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Video:The Story of Passover

with Jillian Fratkin

In this About.com video, learn about the history of Passover and the modern day practices that are implemented in this Jewish holiday.See Transcript

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Transcript:The Story of Passover

Hey I'm Jillian with About.com. Today we are going to discuss the history and the modern day celebration of Passover.

Brief Overview of Passover

Passover is a Jewish holiday celebrated in remembrance of the Hebrews gaining their freedom from slavery in Egypt. It is celebrated on the 15th day of the Jewish calendar month Nissan, lasts for 7-8 days, and is the most widely observed Jewish holiday.

The History of Passover

The history of Passover dates back to roughly the 13th century BCE. According to the biblical account, the Egyptians had kept the Hebrew people in slavery for several hundred years, when God came to Moses in a burning bush and told him to free the Israelites. When the Egyptian Pharaoh refused to grant their freedom, God set ten plagues upon Egypt. In the final plague, God sent the Angel of Death to kill every first born in the land, both people and livestock. However, the Hebrews were forewarned and were told to kill a Passover lamb, smear its blood on their doorframe, and stay inside after dark. It was by doing this that the angel of death passed over their homes, and spared their first born. It is this action from which the term Passover is derived.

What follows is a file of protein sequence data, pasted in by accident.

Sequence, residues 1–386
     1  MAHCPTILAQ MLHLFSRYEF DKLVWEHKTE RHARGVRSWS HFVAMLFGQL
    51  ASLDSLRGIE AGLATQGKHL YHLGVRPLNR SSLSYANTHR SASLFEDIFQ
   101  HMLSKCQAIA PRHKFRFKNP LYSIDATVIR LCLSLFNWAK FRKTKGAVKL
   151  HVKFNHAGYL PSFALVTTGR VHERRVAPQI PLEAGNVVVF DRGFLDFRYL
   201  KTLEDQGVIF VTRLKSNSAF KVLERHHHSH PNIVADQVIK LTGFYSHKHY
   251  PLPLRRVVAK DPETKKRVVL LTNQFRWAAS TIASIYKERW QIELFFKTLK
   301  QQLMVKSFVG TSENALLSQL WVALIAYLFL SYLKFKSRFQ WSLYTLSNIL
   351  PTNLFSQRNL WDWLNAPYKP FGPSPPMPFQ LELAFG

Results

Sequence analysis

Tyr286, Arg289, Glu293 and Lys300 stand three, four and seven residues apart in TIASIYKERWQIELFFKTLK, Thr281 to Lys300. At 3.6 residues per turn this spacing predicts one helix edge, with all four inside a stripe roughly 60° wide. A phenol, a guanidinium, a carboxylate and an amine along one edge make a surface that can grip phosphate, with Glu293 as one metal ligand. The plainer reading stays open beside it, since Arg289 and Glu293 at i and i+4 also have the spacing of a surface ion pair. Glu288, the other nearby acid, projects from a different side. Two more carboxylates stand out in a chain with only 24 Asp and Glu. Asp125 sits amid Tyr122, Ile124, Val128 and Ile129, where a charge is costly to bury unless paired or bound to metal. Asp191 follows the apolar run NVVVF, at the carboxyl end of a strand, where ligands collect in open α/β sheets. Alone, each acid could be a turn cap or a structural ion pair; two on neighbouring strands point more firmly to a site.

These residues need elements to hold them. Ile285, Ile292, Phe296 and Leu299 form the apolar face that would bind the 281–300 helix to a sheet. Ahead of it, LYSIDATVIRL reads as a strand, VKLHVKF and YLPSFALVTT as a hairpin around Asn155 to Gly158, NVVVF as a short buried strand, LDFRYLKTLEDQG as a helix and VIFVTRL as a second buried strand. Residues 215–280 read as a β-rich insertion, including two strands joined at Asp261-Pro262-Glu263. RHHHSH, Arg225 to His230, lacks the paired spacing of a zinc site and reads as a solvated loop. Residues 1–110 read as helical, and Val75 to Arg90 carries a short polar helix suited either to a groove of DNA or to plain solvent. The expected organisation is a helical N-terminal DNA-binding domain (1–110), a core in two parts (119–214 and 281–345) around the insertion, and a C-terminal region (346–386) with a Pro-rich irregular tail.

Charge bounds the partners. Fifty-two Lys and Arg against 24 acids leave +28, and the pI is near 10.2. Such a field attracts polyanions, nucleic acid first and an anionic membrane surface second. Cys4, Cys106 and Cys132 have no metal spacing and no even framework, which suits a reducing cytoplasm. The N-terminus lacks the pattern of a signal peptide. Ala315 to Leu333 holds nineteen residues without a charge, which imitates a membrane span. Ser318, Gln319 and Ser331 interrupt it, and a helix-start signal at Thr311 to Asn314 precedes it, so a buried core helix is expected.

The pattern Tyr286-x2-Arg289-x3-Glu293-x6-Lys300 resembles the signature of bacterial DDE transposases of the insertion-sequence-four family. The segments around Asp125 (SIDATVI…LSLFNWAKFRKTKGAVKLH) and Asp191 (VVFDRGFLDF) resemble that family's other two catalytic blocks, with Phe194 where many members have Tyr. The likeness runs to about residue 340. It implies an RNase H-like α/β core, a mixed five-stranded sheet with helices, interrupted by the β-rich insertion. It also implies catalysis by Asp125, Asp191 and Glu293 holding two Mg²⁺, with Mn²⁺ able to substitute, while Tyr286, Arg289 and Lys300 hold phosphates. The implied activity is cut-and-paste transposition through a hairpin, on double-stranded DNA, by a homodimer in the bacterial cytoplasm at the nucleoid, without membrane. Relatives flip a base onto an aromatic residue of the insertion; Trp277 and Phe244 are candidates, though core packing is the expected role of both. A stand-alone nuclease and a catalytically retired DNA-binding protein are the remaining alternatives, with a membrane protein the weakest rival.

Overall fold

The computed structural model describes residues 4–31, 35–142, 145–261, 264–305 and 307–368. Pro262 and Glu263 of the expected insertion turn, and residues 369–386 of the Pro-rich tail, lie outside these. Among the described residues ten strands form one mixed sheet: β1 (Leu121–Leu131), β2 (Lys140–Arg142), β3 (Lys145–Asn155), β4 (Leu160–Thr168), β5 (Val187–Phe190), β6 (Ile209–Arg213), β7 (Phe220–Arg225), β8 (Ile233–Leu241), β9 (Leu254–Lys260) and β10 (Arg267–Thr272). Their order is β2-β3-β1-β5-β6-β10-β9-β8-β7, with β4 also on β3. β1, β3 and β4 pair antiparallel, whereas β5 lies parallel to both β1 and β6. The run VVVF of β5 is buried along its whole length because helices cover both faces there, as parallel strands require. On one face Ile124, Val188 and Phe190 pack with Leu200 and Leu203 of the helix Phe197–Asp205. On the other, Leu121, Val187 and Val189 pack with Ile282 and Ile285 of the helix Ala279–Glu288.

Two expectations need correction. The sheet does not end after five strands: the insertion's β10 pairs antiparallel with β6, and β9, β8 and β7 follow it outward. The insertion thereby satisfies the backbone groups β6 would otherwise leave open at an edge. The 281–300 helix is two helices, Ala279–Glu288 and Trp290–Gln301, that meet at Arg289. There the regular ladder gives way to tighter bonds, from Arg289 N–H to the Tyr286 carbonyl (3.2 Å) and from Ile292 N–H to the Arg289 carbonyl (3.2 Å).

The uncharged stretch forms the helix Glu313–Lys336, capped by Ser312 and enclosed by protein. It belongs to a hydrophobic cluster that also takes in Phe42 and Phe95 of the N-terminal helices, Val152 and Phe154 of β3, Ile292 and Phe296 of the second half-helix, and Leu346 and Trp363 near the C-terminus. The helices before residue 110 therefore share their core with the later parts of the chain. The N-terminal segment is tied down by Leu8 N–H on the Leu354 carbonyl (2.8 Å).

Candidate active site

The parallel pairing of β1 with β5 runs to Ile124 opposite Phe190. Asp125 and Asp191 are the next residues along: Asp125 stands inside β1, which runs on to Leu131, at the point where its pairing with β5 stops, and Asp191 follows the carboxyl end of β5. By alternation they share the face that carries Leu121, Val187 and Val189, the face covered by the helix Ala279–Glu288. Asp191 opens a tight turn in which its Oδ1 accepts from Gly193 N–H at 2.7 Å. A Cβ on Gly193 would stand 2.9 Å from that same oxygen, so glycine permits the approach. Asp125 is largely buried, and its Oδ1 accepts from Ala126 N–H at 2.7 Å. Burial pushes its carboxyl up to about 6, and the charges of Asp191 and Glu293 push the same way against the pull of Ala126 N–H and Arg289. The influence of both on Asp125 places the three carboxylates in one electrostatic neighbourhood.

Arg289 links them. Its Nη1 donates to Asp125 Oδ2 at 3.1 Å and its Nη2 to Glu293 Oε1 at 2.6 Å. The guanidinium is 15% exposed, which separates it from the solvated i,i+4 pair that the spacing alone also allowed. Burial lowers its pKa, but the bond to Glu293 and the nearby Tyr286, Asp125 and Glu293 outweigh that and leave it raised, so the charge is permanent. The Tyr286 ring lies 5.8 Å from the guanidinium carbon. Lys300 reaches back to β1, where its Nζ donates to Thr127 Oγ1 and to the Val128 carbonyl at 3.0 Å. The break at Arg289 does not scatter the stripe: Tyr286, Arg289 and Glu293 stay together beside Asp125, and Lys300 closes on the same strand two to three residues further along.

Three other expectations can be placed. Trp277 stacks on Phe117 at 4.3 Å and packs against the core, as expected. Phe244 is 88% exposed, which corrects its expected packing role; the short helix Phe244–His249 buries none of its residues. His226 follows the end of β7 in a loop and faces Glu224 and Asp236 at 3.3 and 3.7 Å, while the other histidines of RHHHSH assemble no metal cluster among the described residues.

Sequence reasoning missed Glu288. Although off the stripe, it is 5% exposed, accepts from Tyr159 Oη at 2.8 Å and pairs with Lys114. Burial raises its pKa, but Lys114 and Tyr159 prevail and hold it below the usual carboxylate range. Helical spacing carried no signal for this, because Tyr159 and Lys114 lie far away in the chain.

After this final plague, the Egyptian Pharaoh freed the Hebrews, who fled Egypt so fast that they didn't have time for their bread to rise.

Passover Rituals

Every year, people of the Jewish faith celebrate the freedom of the Hebrews through Passover. In modern times, it consists of rituals, ranging from abstaining from work to dietary restrictions. One of the more prominent points of Passover is the eating of only unleavened bread, matzah, in memory of the flight from Egypt, and abstaining from eating any chamez, or leavened products. Part of the practice of not eating chamez is a thorough cleaning of the house to remove any trace amounts of chamez and also using only cookware products that have never been touched by chamez.

Recounting the Story of Passover

Another cornerstone of Passover is the telling of the Passover story. Biblically, Jews are commanded to retell the story every year, which is done during the Passover Sedar (performed on the first and sometimes also on the second night of celebration). During this traditional feast, the Haggadah, a text that outlines the Sedar, is used to tell the Passover story and also celebrate the occasion through the saying of certain prayers, the eating of food that the Jews ate during their captivity and liberation, singing certain songs, and welcoming Elijah.

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